Computerized Inspection Management Systems
By Stephen J. Gliebe
A computerized inspection management system may be what you need to
help improve fixed equipment reliability and help comply with standards
such as the Pressure Vessel Inspection Code (API 510) and local
regulations. Before selecting a system, consider the following:
- Objectives. Why change the current system?
- Cost reduction
- Reliability improvement
- Improved recordkeeping
- Ownership. Who will own and manage the process?
- Company employee or contractor
- Maintenance, inspection, operations, safety
- Business processes. What will change?
- Create a cross functional team
- Develop new work flows
- Identify ownership for each part of the process
- Define how / if information such as inspection recommendations
and future work scope will be transferred to the responsible
parties (e.g., maintenance, operations)
- Determine training requirements
- Update company procedures
- Data requirements
- Is the right amount of data being collected?
- Who will enter the data?
- Who will analyze the data? What skill sets are needed? Do the
skill sets exist in the organization?
- Where will the data be stored? (e.g., inspection management
system, maintenance management system)
- Are resources available to support the data collection
- Data integrity
- Who can view, enter, change, and delete data?
- How often is data backed up?
- Establish metrics to measure the performance of the program.
- Software and hardware. Can an existing system be used to meet the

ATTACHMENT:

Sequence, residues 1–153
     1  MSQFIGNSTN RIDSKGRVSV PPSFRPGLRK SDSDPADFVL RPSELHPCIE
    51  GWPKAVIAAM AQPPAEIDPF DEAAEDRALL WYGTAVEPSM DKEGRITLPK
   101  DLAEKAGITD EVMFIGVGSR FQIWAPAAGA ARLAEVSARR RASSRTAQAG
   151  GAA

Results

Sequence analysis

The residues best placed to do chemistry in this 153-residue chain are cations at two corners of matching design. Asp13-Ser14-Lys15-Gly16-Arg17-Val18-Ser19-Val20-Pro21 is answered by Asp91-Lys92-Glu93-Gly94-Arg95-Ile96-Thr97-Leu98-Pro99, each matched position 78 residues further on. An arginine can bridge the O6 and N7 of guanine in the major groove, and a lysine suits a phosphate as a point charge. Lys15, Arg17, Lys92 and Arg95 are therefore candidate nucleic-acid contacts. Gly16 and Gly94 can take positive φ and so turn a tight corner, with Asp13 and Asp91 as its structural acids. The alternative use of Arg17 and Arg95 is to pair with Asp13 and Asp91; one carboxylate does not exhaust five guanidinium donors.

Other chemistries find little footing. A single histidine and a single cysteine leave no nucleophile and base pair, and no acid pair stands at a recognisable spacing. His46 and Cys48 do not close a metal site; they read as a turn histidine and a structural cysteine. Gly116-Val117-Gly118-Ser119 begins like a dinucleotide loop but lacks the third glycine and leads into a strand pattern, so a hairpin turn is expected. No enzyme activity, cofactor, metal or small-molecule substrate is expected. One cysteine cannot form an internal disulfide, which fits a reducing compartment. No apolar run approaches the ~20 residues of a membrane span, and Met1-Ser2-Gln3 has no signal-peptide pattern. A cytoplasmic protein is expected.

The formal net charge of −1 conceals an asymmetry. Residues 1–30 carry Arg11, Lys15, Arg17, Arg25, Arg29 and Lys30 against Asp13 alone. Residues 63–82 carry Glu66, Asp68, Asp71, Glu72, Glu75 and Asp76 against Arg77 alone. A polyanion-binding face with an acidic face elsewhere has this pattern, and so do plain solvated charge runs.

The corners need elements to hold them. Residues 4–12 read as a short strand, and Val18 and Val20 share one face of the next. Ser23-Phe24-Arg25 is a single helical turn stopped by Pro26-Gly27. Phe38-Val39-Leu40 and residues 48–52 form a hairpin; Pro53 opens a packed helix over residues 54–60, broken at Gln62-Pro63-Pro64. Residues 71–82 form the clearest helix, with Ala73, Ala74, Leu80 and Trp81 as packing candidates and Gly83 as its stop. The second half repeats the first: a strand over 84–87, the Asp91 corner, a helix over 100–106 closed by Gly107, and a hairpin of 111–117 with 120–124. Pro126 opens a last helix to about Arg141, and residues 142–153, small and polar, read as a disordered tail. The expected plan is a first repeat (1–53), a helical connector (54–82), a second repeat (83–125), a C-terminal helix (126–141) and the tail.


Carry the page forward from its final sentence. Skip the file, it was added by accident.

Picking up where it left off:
objectives? If not, consider software alternatives. Ask the following
- Does the proposed software match the business process? If not,
either the software or the business process will need to change.
- How does the software interface with the existing maintenance
management system (e.g. SAP / Maximo)
- Is the software easy to use?
- What is the cost?
- Data conversion – IT and plant costs associated with
converting data from existing systems to import into the new
- Development and configuration – costs to match the
software to the current business process. Anticipate ongoing
costs to update software as the business needs change.
- Interfaces – does the software need to interface with the
existing maintenance management, RBI, or UT management
- Annual maintenance fees – technical support and
development of new releases.
- Resources – design, implementation, start-up, and ongoing
- Cross functional in-house team to support the development
and rollout of the new software, troubleshoot product issues,
and test and rollout upgrades.
- External resources to develop the reports needed to manage
- Data administration and IT support after the system is
turned over to the facility.
- Training – vendor or in house personnel.
- Software costs may vary depending on the number of users.
Determine who needs to have access to the system and how many
software licenses are included in the cost.
- Are the existing servers adequate for the new software?
Will new servers be required?
- Will desktop upgrades be needed to access the software?
Complete and accessible inspection data is an essential part of an
effective inspection program. An effective inspection program provides the
foundation for a World-Class Reliability and Maintenance Program.